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Technology Showcase: Large HD Projectors

New technologies expand market. 5/01/2008 8:00 AM Eastern

Technology Showcase: Large HD Projectors

May 1, 2008 12:00 PM, By Jay Ankeney

New technologies expand market.




NEC NP4001

NEC NP4001

Thanks to evolving technologies, we may be seeing the rise of a new category of digital-video projectors: high-brightness projectors that are capable of producing true HD-resolution images. This is a new market niche for digital projectors, and one that some may consider a contradiction. After all, the idea of a large-venue projector has traditionally been a unit designed for big audiences who are sitting too far from the screen to notice that the resolution is somewhere south of XGA.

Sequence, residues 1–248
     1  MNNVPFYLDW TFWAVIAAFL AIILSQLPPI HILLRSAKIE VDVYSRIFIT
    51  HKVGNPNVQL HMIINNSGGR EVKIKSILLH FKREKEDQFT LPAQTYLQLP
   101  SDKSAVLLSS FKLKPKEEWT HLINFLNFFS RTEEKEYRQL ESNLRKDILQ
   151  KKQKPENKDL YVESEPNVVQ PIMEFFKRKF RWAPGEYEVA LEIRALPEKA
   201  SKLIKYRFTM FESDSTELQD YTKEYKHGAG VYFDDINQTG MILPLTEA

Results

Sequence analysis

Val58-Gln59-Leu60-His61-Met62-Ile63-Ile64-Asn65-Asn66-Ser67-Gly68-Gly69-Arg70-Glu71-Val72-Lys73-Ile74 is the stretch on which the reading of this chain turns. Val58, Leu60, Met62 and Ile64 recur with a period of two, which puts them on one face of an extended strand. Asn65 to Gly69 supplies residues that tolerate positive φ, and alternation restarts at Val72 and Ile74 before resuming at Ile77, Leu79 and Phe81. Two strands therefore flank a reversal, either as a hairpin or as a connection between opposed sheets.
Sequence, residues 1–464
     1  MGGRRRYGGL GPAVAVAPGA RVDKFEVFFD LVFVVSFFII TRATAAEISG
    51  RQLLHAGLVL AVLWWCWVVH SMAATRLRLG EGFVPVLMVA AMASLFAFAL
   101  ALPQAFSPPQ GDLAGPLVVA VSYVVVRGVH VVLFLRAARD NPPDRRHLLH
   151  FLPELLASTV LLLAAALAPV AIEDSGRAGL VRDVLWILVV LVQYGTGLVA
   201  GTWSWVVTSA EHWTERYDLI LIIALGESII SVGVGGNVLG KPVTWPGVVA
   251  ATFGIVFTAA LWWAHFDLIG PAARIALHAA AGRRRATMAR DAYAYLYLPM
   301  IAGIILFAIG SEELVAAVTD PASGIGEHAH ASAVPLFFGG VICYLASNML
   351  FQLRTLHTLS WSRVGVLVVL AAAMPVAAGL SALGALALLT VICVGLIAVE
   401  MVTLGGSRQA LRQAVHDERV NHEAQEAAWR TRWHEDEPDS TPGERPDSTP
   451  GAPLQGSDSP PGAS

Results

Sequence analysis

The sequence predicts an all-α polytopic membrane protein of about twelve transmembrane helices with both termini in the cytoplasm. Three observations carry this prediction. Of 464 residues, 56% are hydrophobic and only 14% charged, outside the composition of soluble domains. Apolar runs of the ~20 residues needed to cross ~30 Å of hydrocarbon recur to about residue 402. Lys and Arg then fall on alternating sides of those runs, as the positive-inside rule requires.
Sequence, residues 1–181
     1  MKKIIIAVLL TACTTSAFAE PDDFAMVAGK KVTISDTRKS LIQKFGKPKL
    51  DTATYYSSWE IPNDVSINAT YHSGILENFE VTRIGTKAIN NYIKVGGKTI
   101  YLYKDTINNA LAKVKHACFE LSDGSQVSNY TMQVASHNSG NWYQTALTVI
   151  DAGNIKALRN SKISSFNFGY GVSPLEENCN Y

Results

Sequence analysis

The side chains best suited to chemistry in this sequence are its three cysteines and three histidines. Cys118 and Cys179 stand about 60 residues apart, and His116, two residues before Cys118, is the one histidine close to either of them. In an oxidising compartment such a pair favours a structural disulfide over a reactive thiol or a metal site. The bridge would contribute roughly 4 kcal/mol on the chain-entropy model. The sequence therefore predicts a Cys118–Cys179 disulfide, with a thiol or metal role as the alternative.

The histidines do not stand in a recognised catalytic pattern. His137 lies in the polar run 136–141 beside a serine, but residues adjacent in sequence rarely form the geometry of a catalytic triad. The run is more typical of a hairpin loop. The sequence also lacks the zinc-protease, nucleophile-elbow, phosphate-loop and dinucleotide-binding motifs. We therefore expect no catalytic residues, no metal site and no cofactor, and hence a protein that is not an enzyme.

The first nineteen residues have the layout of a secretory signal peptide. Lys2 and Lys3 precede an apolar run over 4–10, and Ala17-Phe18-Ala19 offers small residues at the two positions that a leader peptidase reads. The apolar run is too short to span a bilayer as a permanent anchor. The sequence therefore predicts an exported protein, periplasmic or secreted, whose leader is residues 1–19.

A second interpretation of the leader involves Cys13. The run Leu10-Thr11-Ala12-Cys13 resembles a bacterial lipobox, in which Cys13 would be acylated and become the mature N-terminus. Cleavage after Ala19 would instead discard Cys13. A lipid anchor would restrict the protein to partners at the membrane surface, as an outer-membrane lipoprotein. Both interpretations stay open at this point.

Because this Extended Graphics Array (XGA) standard — introduced by IBM in 1990 — commonly contains 1024×768 pixels in a square 4:3 aspect ratio, it is not really capable of displaying even the least dense of today's accepted widescreen HD resolutions, 720p. Designed by AT&T Bell Laboratories in the late 1980s to rival the early Japanese analog Hi-Vision system, 720p presents the screen with 1280×720 pixels. For years, projector manufacturers have used some ingenious scaling approaches in an attempt to simulate either 720p or 1080i through their brightest XGA projectors.